United States District Court, D. Connecticut
INITIAL REVIEW ORDER
Michael P. Shea United States District Judge
Brandon Michael Gray, incarcerated at the Federal
Correctional Institution in Danbury, Connecticut, filed this
case under Bivens v. Six Unknown Named Agents of Fed.
Bureau of Narcotics, 403 U.S. 288 (1971). The plaintiff
names four defendants, Warden M. Licon-Vitale, Associate
Warden D. Womeldorf, Associate Warden Comstock, and the
Bureau of Prisons. He contends that the defendants
discriminated against him because of his disability and have
denied him due process, free speech, and equal protection of
the laws by denying him access to email to contact his
family. The plaintiff does not request any relief in his
complaint. He also has filed a motion for appointment of
counsel and two motions to amend his complaint, neither of
which includes a proposed amended complaint.
Court must review prisoner civil complaints and dismiss any
portion of the complaint that is frivolous or malicious, that
fails to state a claim upon which relief may be granted, or
that seeks monetary relief from a defendant who is immune
from such relief. 28 U.S.C. § 1915A. This requirement
applies to all prisoner filings regardless whether the
prisoner pays the filing fee. Nicholson v.
Lenczewski, 356 F.Supp.2d 157, 159 (D. Conn. 2005)
(citing Carr v. Dvorin, 171 F.3d 115 (2d Cir. 1999)
(per curiam)). Here, the plaintiff is proceeding in forma
detailed allegations are not required, the complaint must
include sufficient facts to afford the defendants fair notice
of the claims and the grounds upon which they are based and
to demonstrate a plausible right to relief. Bell Atlantic
v. Twombly, 550 U.S. 544, 555-56 (2007). Conclusory
allegations are not sufficient. Ashcroft v. Iqbal,
556 U.S. 662, 678 (2009). The plaintiff must plead
“enough facts to state a claim to relief that is
plausible on its face.” Twombly, 550 U.S. at
570. “A claim has facial plausibility when a plaintiff
pleads factual content that allows the court to draw the
reasonable inference that the defendant is liable for the
misconduct alleged.” Iqbal, 556 U.S. at 678
(internal quotation marks and citation omitted).
courts must interpret a pro se complaint liberally, the
complaint will be dismissed unless it includes sufficient
factual allegations to meet the standard of facial
plausibility.” See Harris v. Mills, 572 F.3d
66, 72 (2d Cir. 2009) (citations omitted).
plaintiff suffers from Intellectual Developmental Disorder,
which he alleges renders him “unable to obtain
community and family ties with the outside world.” ECF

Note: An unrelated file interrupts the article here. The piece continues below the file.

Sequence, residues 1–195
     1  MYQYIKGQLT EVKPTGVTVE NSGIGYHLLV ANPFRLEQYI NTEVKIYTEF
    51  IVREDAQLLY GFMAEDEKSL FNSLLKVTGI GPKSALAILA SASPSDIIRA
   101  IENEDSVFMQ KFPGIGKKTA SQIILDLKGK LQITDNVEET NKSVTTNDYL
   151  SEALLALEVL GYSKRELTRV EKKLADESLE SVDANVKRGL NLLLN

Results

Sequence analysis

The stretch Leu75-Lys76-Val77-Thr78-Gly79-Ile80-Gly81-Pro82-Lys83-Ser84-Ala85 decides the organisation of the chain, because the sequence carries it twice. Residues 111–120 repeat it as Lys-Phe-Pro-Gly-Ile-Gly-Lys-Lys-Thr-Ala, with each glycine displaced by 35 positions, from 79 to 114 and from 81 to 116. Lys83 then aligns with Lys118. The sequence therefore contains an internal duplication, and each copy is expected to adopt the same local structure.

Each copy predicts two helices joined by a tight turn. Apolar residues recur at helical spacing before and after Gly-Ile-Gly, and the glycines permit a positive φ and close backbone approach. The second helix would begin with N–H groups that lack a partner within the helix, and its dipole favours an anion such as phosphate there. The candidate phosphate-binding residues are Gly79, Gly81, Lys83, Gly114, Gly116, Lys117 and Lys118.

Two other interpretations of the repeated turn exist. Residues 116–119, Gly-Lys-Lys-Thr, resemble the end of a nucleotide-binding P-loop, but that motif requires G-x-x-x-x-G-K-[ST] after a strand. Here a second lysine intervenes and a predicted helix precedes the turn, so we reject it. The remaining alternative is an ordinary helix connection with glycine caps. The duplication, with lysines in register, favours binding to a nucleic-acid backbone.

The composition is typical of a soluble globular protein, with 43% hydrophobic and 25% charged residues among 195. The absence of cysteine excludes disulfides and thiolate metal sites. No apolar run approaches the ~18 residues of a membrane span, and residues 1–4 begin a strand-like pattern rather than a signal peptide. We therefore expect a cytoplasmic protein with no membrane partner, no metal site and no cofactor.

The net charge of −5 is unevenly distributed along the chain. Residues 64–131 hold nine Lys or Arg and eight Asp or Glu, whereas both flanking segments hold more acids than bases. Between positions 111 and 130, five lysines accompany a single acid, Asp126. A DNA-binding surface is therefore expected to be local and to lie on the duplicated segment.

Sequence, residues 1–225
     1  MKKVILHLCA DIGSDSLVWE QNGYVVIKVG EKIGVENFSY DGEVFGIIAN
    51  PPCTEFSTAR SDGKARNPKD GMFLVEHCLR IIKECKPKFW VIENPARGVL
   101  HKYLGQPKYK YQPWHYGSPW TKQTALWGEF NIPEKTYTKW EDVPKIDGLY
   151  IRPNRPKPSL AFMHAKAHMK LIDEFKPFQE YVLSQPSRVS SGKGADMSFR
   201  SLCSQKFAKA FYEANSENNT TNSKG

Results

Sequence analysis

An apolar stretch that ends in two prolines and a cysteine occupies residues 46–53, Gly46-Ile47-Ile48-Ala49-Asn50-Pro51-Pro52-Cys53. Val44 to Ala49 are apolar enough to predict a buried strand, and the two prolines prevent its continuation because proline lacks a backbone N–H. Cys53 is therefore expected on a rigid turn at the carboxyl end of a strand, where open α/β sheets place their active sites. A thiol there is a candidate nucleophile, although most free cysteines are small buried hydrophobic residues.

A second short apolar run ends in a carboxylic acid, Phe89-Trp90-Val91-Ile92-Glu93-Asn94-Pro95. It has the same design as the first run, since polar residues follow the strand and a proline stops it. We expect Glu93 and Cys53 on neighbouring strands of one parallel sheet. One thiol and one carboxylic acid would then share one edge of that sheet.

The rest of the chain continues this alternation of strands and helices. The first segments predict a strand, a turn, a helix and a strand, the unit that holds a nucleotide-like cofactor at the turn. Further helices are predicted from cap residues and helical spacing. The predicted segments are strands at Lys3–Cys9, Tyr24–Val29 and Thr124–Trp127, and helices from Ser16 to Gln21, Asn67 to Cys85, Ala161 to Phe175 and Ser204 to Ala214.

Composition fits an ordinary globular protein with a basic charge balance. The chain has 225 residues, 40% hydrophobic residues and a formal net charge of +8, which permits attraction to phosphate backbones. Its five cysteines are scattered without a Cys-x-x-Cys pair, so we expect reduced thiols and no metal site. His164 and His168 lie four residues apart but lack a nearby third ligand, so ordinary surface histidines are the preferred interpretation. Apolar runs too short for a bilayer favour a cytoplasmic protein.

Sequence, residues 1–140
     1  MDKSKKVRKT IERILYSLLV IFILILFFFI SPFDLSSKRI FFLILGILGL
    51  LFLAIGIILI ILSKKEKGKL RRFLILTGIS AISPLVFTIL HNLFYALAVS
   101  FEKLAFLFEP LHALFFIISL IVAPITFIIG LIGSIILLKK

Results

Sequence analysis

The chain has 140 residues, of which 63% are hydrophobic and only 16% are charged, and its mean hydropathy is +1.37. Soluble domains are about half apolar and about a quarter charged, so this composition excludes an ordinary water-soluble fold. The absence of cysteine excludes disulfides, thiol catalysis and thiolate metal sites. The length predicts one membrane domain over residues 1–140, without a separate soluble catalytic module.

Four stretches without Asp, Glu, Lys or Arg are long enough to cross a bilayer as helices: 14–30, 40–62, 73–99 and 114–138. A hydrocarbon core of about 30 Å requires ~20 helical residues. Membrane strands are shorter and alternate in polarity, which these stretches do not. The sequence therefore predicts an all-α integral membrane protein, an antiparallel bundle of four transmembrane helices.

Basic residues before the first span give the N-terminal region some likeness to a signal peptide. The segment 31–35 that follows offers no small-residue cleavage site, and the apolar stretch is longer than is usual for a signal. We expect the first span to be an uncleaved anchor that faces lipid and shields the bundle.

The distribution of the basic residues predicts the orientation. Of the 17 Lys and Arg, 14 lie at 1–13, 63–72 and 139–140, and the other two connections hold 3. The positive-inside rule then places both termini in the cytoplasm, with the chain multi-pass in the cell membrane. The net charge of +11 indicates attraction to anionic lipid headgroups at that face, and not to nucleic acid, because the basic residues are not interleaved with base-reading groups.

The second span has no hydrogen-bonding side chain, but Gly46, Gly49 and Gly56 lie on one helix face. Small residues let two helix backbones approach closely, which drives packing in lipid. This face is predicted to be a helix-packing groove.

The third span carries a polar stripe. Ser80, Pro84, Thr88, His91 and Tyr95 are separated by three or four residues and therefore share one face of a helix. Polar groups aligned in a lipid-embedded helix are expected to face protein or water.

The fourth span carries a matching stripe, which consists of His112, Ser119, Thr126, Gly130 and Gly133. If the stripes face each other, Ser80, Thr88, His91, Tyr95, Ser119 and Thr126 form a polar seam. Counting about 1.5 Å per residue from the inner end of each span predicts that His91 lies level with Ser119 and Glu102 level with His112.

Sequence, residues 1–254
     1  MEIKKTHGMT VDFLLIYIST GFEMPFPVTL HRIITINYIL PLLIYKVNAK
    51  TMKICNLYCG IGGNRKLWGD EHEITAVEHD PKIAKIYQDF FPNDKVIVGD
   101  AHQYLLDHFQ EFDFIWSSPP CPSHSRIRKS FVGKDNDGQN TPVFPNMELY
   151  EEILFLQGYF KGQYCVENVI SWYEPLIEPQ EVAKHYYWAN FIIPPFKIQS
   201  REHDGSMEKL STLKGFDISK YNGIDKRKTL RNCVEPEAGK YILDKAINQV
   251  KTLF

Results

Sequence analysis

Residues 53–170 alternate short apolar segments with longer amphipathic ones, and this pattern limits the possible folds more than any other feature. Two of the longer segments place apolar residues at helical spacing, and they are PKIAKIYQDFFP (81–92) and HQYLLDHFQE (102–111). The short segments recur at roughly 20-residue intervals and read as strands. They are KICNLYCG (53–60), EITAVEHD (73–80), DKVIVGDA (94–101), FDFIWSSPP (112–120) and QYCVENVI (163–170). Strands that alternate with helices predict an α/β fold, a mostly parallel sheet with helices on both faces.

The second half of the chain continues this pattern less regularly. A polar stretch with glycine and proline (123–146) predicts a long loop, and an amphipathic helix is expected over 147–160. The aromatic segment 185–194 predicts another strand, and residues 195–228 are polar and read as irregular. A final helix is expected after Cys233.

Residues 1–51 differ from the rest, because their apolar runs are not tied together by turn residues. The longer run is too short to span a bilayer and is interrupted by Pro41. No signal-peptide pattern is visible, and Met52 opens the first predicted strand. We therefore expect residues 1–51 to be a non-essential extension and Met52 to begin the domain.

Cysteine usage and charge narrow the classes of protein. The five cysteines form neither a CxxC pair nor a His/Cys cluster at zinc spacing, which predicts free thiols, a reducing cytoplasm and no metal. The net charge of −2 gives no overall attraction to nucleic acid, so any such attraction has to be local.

No. 1 ¶ 2. The plaintiff contends that “courts
have deemed letter writing as an unmeaningful way of contact,
” and argues that email is an essential means of
contact with family. Id. ¶ 4. Correctional
staff have restricted the plaintiff's access to email.
Id. ¶ 3. The plaintiff contends that letters,
phone calls, and visits are limited and costly while email is
quick, efficient and cheap. Id. ¶ 5.
of Prisons Program Statement 4500.11 provides that an inmate
should not be restricted from email access solely because he
was convicted of a sex offense. Id. ¶ 7. Other
inmates convicted of more serious crimes, such as drug
offenses, murder, and armed robbery, have email access.
Id. ¶ 8. Also, other inmates with sex offenses
including possession of child pornography and sexual
exploitation of a minor have email access. Id.
plaintiff alleges that the defendants have discriminated
against him in violation of his rights under the
Rehabilitation Act, and denied him free speech, due process
and equal protection of the laws. In his first motion to
amend, the plaintiff states that he seeks monetary relief for
negligence and intentional infliction of emotional distress.
ECF No. 10 at 1. In his second motion to amend, the plaintiff
submits a letter he sent the warden about access to the
prison email system. ECF No. 12.
Motions to Amend
order filed September 19, 2019, the Court informed the
plaintiff that, if he wanted to amend his complaint, he must
do so by filing an amended complaint on the docket. The Court
also informed the plaintiff that any amended complaint would
completely replace the original complaint. ECF No. 9. The
Court received the plaintiff's motions to amend on
September 26 and 30, 2019. Thus, the plaintiff may not have
received the Court's order before submitted his motions.
As it does not appear that the plaintiff intended either
submission to completely replace his original complaint, both
motions are denied. The Court notes that the plaintiff has
been granted an extension of time, until November 25, 2019,
to respond to the Court's order. ECF No. 16. Thus, the
Court assumes that the plaintiff intends to submit a proper
amended complaint by that date.
Bureau of Prisons
plaintiff has included the Bureau of Prisons
(“BOP”) as a defendant. In Bivens, the
Supreme Court permitted suits against federal officials in
their individual capacities for violation of constitutional
rights. Thus, the defendants must be individual federal
officers. The BOP, a federal agency, cannot be sued under
Bivens. See Correctional Services Corp. v.
Malesko, 534 U.S. 61, 72 (2001) (“The prisoner may
not bring a Bivens claim against the officer's
employer, the United States, or the BOP.”); see
also Robinson v. Overseas Military Sales Corp., 21 F.3d
502, 510 (2d Cir. 1994) (noting that ...